Arusha — German police coming to arrest one genocide suspect in 2007 just missed Félicien Kabuga, the most wanted Rwandan genocide suspect of all, according to the latest edition of Jeune Afrique. Kabuga, the alleged financier of the 1994 genocide, had entered Germany on a false Tanzanian passport, it says.
On September 7, 2007, police knocked on the door of a house near Frankfurt, according to the French publication. Inside was Augustin Ngirabatware, former Rwandan Planning Minister, who is currently awaiting judgment before the International Criminal Tribunal for Rwanda in Arusha, Tanzania. Ngirabatware reacted strangely, taking a USB key out of his pocket and stamping on it to try and destroy it. Police took the damaged key for investigation. Their investigators finally managed to extract some documents, which included a 5,000 Euro hospital bill for a Tanzanian citizen suffering from "chronic respiratory problems", according to Jeune Afrique.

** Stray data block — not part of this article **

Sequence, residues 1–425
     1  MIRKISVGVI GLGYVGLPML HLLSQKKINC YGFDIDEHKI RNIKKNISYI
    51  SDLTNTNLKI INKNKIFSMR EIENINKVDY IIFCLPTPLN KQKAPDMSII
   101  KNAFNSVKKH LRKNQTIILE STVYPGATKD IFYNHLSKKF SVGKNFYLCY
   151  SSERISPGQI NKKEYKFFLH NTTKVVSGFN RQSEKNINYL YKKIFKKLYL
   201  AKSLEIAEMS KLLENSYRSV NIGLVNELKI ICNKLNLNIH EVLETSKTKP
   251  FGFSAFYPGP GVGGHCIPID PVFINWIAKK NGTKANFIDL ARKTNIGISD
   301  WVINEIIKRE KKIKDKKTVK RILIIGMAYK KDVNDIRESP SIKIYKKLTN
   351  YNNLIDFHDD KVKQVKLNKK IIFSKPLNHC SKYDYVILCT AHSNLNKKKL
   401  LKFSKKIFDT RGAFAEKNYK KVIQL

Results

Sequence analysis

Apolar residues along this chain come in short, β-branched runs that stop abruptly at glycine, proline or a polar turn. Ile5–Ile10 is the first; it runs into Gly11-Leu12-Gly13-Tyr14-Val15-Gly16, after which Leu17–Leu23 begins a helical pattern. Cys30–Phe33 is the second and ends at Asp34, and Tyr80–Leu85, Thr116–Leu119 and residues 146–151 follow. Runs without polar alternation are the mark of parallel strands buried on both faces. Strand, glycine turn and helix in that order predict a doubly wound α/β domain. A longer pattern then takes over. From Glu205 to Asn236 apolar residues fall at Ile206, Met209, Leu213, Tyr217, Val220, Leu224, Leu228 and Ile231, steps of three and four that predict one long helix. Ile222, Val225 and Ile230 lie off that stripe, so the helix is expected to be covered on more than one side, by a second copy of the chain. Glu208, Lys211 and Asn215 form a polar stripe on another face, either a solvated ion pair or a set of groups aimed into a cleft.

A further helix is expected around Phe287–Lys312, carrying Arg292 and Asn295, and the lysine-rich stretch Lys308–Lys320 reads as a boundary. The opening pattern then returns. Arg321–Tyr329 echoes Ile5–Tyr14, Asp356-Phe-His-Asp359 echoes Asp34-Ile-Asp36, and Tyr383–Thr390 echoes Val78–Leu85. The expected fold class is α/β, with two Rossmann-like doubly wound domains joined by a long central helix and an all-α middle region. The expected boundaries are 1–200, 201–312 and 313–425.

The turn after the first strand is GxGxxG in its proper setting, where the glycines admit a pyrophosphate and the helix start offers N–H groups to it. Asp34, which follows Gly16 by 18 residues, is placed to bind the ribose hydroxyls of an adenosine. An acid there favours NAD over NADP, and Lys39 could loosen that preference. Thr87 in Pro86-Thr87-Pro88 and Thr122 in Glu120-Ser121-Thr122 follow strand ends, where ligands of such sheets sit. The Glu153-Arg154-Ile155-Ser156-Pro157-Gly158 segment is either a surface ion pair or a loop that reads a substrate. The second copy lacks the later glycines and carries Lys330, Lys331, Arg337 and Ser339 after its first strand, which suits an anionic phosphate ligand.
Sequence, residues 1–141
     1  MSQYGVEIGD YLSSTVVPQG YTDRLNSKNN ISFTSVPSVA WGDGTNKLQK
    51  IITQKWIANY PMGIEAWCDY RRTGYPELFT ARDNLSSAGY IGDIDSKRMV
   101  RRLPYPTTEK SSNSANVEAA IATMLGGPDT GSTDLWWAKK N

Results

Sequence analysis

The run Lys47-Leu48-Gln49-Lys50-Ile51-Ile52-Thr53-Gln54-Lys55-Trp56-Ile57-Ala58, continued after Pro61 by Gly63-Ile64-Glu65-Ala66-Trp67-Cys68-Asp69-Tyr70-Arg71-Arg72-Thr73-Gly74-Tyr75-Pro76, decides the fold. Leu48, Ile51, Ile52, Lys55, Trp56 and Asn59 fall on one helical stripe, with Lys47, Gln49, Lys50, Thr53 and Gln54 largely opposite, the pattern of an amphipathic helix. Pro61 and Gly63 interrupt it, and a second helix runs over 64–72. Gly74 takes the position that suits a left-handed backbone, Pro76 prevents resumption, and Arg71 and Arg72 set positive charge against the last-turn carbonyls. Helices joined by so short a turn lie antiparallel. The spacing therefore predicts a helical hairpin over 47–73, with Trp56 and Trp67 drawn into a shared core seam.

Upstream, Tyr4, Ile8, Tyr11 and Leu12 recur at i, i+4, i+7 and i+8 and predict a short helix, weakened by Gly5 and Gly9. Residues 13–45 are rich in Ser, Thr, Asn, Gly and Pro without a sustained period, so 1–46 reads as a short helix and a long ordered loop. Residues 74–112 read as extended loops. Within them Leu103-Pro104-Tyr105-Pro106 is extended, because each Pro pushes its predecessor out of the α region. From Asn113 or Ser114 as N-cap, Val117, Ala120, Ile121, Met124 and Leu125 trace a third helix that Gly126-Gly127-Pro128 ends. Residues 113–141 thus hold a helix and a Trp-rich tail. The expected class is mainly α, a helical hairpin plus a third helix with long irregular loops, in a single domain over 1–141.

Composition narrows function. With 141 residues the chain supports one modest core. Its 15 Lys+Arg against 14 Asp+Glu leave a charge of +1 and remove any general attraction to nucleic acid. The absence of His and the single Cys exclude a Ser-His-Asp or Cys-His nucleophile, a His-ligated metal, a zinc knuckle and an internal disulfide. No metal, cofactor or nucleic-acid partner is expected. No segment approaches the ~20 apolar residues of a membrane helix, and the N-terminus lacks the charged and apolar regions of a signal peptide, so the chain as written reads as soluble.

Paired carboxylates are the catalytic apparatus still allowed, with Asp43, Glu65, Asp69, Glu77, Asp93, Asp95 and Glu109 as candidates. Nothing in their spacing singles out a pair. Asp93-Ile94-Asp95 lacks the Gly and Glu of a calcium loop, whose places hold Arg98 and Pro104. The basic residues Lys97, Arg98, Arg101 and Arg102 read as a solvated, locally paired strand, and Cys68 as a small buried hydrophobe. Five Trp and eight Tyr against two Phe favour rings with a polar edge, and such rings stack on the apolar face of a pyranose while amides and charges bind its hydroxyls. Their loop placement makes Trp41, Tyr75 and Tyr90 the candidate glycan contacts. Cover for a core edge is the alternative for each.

German police managed to trace the passport used by the patient to enter Germany, and asked the Tanzanian authorities for his file. To their surprise, the photo - obtained by Jeune Afrique and printed in its latest edition -- is clearly that of Ngirabatware's 77-year-old father-in-law Félicien Kabuga, the most wanted ICTR fugitive with a 5 million dollar price on his head.
When police returned to the house, Kabuga was gone. But when police showed neighbours the photo, they confirmed they had seen the man moving around with the aid of a walking stick.
Jeune Afrique quotes a source close to the investigation as saying that when police entered the house that first day, Ngirabatware also shouted out several sentences in a language unknown to them. Was it Kinyarwanda, the article asks, and was he talking to his father-in-law? Jeune Afrique says German police probably missed Kabuga by just a few hours ... or even a few metres.